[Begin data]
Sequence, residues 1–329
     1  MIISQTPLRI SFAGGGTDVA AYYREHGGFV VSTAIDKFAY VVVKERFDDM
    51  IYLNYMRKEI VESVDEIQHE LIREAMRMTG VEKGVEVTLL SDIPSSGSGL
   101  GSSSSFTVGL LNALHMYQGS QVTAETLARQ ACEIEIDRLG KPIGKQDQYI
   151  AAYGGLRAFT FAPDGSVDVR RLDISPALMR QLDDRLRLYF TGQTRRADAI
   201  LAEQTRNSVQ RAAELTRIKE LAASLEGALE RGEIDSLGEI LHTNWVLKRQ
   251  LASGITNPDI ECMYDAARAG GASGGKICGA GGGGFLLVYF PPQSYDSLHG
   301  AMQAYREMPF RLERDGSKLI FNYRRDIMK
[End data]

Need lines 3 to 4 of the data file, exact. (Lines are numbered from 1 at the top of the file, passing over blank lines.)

    51  IYLNYMRKEI VESVDEIQHE LIREAMRMTG VEKGVEVTLL SDIPSSGSGL
   101  GSSSSFTVGL LNALHMYQGS QVTAETLARQ ACEIEIDRLG KPIGKQDQYI